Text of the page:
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The Meet Your Steering Committee Series allows the section membership to better get to know the Committee. For more entries, click here.
Ellen Holt-Werle is the Institutional Archivist in University Archives at the University of Minnesota. She holds a MLIS from Dominican University by way of St. Catherine University. Ellen’s work with university collections as Institutional Archivist centers surfacing and acknowledging exclusionary institutional histories and the voices and experiences of those impacted by the institution’s settler colonial and racist underpinnings. She is also a member of the Midwest Archives Conference, currently serving on the Ethics and Inclusion Committee. Her current interests are community archives; increasing access to and growing the representation of BIPOC voices and experiences in the archives; the settler colonial roots of collections across the university; and student activism and protest.
How did you get your start in academic archives and why have you stayed?
I’m a wannabe and then accidental archivist. I was unable to take the archives class when I was in my MLIS despite being interested in it. However after receiving my degree, I was encouraged to apply for a part-time, temporary archivist position. That turned into a full-time job, though split 50/50 Reference Librarian and Archivist, and then changed again to 50/50 Special Collections Librarian and Archivist. Now, 17+ years since starting that first temporary job, I’m still in archives, though in a new position and institution as of September 2021 (and finally a 100%-time archivist). Things that immediately come to mind regarding why I’ve stayed: I really like working with tangible collections; I enjoy instruction and interacting with students; and I particularly like that I get to learn a little about a lot of things and go down endless rabbit holes.
Can you share a success you’ve had in your repository recently?
I’m collaborating with a faculty member in our Anthropology Department to bring together staff and faculty from across the university who work with collections—whether archival, in our natural history and art museums, teaching collections of biological specimens or material culture, etc.—to discuss the colonial and settler colonial roots of many of these collections and the linkages that exist between them, sometimes even unbeknownst to us. Thus far, archivists, curators, faculty, and staff have been really interested and engaged, and we hope to be able to plan some more formal programming for next year.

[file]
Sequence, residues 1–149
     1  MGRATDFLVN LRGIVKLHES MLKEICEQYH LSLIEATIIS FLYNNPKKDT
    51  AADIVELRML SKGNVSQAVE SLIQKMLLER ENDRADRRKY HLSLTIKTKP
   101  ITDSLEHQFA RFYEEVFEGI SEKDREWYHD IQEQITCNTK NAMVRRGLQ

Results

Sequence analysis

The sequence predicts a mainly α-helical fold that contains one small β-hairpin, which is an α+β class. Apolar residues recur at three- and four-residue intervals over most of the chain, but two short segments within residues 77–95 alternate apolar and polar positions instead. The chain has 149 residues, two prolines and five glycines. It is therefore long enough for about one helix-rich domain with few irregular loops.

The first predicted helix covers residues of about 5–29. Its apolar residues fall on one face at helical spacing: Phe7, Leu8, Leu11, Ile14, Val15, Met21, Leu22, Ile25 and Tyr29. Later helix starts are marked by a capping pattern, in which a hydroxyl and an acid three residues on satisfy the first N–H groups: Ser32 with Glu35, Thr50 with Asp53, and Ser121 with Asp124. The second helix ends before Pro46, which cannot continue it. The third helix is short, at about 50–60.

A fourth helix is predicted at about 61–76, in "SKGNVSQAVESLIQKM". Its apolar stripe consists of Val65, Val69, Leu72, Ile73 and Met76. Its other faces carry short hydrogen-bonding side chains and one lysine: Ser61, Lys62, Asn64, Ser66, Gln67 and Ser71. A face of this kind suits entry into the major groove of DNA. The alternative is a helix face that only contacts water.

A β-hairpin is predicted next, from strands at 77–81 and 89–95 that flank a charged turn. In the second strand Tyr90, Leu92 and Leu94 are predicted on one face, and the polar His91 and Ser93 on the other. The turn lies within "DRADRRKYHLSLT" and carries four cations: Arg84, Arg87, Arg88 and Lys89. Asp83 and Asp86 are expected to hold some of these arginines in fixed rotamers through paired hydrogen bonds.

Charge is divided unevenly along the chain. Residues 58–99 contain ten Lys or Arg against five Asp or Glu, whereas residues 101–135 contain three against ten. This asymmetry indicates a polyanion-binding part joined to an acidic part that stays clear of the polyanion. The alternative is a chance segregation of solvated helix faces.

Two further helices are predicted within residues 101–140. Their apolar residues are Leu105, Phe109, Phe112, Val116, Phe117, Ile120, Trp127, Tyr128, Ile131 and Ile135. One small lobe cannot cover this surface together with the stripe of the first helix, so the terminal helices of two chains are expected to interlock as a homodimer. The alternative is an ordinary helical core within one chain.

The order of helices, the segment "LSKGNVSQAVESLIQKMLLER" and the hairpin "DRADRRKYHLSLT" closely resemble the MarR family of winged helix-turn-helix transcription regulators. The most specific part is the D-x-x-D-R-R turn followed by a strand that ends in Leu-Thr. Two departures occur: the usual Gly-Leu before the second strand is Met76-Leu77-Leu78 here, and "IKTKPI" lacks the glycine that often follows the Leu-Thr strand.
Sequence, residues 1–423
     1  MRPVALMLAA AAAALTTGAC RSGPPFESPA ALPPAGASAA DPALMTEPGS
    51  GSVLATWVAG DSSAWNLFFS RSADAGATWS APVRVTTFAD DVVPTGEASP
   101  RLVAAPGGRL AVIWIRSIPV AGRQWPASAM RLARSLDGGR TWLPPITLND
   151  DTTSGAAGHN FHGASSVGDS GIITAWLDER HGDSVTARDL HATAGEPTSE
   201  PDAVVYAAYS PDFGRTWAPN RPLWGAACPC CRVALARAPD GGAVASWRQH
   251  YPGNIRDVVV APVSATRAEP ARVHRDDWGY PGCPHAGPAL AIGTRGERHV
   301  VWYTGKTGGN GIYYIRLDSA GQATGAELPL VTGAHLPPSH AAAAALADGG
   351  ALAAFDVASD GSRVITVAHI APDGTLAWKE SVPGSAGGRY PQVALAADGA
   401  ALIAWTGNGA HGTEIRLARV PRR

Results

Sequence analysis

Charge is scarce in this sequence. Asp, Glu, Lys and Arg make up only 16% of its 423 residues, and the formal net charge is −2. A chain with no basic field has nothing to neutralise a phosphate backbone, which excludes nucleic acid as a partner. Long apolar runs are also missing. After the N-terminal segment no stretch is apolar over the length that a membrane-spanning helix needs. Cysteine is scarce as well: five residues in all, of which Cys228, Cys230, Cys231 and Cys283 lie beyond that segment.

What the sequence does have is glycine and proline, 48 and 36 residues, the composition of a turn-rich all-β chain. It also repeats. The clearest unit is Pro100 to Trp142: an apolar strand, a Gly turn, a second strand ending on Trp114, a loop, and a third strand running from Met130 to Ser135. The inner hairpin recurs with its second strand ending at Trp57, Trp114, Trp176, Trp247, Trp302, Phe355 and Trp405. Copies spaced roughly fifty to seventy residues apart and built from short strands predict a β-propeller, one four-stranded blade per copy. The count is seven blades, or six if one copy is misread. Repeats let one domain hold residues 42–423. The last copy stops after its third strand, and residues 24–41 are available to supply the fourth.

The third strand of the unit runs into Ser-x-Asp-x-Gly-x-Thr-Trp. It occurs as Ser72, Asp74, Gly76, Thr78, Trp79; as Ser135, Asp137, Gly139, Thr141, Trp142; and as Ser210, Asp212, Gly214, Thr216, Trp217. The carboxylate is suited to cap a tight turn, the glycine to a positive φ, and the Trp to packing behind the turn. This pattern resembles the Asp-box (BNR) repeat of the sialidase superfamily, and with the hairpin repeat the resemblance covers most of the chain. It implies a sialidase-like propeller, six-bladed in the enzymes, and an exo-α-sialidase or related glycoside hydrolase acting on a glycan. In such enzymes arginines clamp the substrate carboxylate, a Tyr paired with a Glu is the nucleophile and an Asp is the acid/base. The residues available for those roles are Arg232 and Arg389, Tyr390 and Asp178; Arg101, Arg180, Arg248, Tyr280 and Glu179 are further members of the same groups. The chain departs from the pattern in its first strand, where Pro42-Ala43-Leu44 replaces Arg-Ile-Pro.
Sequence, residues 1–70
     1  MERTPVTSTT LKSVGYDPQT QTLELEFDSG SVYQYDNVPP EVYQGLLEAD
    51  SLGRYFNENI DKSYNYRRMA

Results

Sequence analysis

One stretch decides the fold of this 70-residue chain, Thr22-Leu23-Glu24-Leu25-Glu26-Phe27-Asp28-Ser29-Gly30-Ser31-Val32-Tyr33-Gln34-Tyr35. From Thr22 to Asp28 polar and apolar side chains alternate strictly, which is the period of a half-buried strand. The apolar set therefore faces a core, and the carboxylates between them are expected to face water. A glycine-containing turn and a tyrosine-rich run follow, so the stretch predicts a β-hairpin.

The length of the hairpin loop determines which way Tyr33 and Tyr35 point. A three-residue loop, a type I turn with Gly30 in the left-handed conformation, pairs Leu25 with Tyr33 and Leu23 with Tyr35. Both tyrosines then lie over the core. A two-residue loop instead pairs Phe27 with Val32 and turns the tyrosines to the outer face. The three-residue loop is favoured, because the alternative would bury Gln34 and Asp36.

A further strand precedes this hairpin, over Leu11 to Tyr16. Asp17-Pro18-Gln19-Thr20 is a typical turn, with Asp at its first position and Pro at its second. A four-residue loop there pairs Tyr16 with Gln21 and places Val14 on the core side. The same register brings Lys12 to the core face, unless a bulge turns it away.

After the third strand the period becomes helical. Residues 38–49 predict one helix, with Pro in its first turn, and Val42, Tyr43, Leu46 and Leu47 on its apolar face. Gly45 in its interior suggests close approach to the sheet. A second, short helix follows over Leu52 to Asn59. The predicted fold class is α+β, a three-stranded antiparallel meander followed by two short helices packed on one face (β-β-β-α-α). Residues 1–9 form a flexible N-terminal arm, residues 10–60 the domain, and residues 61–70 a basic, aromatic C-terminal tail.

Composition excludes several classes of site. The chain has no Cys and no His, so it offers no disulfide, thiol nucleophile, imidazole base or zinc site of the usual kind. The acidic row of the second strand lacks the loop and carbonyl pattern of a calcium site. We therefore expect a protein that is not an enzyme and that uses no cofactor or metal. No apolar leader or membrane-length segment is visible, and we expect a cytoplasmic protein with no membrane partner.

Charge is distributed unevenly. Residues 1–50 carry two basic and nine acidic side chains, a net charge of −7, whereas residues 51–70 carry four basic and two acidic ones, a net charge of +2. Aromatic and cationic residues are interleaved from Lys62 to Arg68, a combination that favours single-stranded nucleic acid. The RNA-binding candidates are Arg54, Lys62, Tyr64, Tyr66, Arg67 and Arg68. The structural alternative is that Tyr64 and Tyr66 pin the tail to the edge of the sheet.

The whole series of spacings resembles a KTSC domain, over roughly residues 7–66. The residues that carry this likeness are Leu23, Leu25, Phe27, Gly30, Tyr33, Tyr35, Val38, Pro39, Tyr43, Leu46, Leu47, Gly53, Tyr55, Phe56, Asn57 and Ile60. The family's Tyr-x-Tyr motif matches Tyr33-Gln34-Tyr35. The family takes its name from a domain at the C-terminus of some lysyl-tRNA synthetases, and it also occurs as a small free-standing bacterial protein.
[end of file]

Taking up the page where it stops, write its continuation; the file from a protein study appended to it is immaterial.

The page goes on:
What current or future project are you most excited about in your archives?
In addition to the Colonial Collections collaborative mentioned above, I will be co-teaching a Honors seminar in the Spring of 2024 with a History faculty member on “The Histories of Student Activism.” I’m excited to dig into student activism and protest here at the University of Minnesota, as well as broader national contexts, in preparation for this course, and to see how the students engage.
What are some of the challenges you face in your position?
The position I’m in is a newly created one, so there are no paths or precedents to follow. On the one hand, that’s exciting and freeing and part of what attracted me to this job. However it also means I’m figuring out what my position is, how to grow it, and what I want to do. I was a solo archivist before, and continually struggled with how to find balance—admittedly not very successfully. I’m still figuring out balance, but in a new way that’s positive. I can think about prioritizing work that feels the most impactful, versus I used to stress about how to move forward so that I didn’t feel like I was failing at all parts of my job. The other challenge has been moving from a very small liberal arts college to a huge R1 university, and all the additional systems, people, layers of bureaucracy—and especially acronyms—that I’m going to be trying to figure out for years to come.
What projects do you envision the section undertaking during your time on the steering committee?
It has been great to meet new people and see some of the workings of SAA. One thing I’d like to see is more opportunities for different sections to work together. We already do this some through co-sponsored talks, etc., but I think there’s always room for more and new ways. I also think there’s a role for the College & University Archives section to play with so many of our institutions tackling institutional histories and legacies of racism. What that looks like, I’m not sure yet, but I’m open to ideas if anyone ever wants to chat: email@example.com.